Hello, Please excuse any typos or bad grammar. I wrote this on my phone.
About four months ago my girlfriend and I decided to break up after realizing that right now may not be the best time for us to be together. When breaking up she told me that she still loves me and wants to be together one day, just right now it wasn’t a good idea since she was really invested in her Masters and wanted to do some “soul searching”. I believe her. Her parents and I are pretty close and they tell me that she loves me. She also has called me crying telling me how much she misses me as well.
However I find myself suffering from insecurity over what she had told me. There have been questionable situations in the past that have made me question her loyalty to me. I know she has done nothing wrong.
I have the password to her Facebook and found out that she has messaged her ex-fiancé during our time apart. There is nothing revealing about the messages and it seems that they just needed closure from their bad break up. She even told me that they talked before we broke up months ago. I know I shouldn’t be checking her Facebook and invading her privacy however sometimes I just get a compulsive need to check it to ensure that she isn’t going back on what she promised me. After reading it, I feel horrible and start assuming the worse. It isn’t until I start forcing myself to think positively am I ok with it. However, deep down I still have my doubts.
Why do I have this compulsive need to check her Facebook? What is it called and what can I do to fix it?
If you need anymore information or details, please let me know. I really want an answer and solution.Compulsively Checking Up on Ex
Compulsively Checking Up on Ex
Framing this issue as a compulsion suggests that it’s beyond your control. In other words, it’s as though you’re saying you can’t stop yourself from spying on your ex-girlfriend. If you can’t stop yourself because it’s beyond your control then it’s akin to saying it’s not your fault.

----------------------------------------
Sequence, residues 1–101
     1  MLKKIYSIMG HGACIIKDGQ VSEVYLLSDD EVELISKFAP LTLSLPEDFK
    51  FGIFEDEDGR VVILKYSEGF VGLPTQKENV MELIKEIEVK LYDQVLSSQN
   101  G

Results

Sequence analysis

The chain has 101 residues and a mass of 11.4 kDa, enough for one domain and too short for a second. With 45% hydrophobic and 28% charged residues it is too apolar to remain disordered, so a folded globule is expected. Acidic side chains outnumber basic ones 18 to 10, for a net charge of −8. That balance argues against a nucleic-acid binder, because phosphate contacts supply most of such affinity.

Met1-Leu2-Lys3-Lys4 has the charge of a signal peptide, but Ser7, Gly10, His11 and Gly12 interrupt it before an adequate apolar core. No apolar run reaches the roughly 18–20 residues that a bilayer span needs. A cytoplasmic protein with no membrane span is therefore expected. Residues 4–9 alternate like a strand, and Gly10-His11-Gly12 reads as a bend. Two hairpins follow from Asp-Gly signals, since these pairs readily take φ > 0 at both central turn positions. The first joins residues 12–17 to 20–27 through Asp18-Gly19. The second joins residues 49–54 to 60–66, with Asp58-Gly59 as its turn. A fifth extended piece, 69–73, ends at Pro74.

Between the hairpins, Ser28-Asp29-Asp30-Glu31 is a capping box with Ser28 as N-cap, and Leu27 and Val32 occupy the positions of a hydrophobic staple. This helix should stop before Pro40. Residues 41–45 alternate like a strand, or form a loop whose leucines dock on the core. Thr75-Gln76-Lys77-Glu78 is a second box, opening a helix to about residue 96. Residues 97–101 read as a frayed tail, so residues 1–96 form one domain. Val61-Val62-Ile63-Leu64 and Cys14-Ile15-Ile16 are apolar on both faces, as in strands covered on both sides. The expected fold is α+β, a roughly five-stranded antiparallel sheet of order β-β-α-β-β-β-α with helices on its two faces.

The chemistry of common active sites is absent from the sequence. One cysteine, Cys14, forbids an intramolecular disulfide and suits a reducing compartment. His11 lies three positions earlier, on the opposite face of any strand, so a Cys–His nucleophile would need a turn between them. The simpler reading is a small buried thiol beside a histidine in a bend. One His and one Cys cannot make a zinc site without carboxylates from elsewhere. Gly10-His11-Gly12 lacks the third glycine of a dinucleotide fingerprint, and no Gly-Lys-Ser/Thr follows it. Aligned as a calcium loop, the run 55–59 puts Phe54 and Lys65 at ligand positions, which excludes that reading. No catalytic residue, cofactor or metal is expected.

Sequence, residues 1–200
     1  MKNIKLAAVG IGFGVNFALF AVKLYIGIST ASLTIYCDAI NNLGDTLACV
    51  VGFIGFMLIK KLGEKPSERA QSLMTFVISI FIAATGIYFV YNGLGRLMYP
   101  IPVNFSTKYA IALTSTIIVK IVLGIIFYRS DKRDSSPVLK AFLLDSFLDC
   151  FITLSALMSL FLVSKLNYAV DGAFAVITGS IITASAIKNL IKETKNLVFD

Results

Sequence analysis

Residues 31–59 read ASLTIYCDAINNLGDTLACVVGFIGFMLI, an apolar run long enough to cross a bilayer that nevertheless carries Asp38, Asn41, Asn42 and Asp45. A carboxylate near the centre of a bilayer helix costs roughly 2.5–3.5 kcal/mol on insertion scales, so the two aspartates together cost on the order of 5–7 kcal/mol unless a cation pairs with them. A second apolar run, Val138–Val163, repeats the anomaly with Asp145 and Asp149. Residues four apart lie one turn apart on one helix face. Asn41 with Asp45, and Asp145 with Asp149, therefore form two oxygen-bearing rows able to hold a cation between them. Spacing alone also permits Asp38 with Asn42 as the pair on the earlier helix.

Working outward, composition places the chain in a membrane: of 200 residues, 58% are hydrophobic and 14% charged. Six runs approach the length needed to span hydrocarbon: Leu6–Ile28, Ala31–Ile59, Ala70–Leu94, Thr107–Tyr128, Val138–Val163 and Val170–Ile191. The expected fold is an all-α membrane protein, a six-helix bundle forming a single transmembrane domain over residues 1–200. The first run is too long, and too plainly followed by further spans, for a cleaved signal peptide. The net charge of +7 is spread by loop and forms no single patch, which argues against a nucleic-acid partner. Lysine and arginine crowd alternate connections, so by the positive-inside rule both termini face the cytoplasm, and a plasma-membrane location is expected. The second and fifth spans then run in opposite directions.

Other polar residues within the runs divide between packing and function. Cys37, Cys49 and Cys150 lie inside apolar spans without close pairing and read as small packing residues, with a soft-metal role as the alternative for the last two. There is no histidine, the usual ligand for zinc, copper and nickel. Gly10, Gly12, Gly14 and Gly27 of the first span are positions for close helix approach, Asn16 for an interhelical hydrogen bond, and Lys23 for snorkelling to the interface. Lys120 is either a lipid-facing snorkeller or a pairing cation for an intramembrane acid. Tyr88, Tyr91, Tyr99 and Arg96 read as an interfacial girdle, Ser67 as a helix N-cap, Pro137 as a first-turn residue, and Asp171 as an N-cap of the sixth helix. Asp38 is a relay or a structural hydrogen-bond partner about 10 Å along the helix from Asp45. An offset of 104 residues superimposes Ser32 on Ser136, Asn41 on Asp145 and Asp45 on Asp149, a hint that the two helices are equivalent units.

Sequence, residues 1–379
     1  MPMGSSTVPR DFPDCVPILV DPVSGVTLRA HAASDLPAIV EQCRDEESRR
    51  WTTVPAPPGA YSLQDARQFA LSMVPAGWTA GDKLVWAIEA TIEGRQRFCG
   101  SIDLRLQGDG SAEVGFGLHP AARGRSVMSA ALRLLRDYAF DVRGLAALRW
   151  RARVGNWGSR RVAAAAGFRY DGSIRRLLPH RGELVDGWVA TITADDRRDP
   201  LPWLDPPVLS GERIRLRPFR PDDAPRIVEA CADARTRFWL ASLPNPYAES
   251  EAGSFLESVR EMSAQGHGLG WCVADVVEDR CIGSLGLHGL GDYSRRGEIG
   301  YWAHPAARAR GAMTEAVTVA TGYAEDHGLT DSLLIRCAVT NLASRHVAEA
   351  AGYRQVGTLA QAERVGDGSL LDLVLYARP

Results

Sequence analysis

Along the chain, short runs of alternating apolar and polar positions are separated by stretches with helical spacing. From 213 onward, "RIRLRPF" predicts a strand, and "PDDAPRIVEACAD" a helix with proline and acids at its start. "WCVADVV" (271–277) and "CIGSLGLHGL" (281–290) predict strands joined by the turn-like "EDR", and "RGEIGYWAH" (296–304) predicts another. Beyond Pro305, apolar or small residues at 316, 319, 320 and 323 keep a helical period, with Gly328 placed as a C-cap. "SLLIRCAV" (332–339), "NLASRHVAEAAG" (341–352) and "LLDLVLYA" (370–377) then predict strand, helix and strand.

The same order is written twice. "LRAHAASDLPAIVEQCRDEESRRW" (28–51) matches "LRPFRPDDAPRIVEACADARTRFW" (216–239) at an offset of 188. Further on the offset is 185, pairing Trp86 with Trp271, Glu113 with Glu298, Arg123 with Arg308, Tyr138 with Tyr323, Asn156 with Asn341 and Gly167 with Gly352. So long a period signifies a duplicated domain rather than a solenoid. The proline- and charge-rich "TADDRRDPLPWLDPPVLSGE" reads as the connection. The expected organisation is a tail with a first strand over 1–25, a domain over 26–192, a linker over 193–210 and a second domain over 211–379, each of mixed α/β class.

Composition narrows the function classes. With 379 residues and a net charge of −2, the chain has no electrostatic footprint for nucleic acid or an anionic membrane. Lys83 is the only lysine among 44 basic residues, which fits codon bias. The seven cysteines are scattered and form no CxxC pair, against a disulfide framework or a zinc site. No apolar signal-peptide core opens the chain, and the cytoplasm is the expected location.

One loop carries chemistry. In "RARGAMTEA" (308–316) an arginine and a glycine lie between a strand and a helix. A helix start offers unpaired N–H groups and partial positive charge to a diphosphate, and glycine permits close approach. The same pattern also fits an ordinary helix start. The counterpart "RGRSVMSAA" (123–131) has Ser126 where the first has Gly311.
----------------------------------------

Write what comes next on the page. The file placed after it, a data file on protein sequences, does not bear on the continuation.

I don’t think there is a deep, psychological reason for your behavior. Perhaps you’re hurt about the breakup and want to know if she was being truthful about why she wanted to separate. Maybe the real reason is because you suspect that she left you for someone else.
A breakup is a breakup. It’s simple but it gets complicated when someone tries to place it in a bigger context. The context is not important. It is a simply a breakup. She wanted it and you didn’t, so you are hurt. If you wanted it and she didn’t she’d be hurt and relatively you would not be hurt in the way that you are now.
I mention this because you are now doing things that you are not proud of, like checking her social media. You are doing it to test her real feelings toward you. That’s because you really don’t buy her story about needing to focus on her degree. I don’t quite buy it and I would think neither do you. You shouldn’t come second to a degree for her. Your presence in her life should not be a hindrance to her. How many people do you think have graduated from law school and medical school while in a committed relationship?
Is it the norm to break up with someone when you enter graduate school? Of course not. Breakups happen and there is no nice way to do it but there are nicer explanations for why one does it. Basically they all fall into the category, “it’s not you, it’s something about me. You are not to blame and I still love you.”
Forget about the context surrounding the breakup or the explanation given. A breakup is a breakup. Somebody just told you that right now they don’t want you. It’s over. Maybe later they might change their mind and want you back but then again maybe not.
Consider it as being over. It was her choice. Move on and break all ties with her. That includes reading her Facebook page or private messages.
Think about it this way. If she caught you reading her private emails and letters, she would probably be upset. It’s a breach of trust. You’re hoping that the two of you will get back together but you risk completely sabotaging your chances. You don’t want to jeopardize your future with her, if there is any all. Walk away with your head held high. Give her her freedom. Respect her as much as an ex-girlfriend as you did when she was your girlfriend.
Also, the possibility exists that you could misinterpret her written communications. Picture a scenario in which she has a phone or text conversation and then follows it up with an email. Since you were not privy to the phone or text conversation you’d only have the email, only a portion of what was said. You might then attempt to draw conclusions based upon incomplete information. What was meant as a joke might be misconstrued by you. You could easily form inaccurate conclusions in the absence of the full context.
I think you already know how to correct this. Make a clean break. If you struggle with this, then you may want to ask a friend or family member to assist you. For example, when you feel the desire to log into her private accounts, call someone and ask them to talk you out of it. Please take care.
Dr. Kristina Randle
Mental Health & Criminal Justice Blog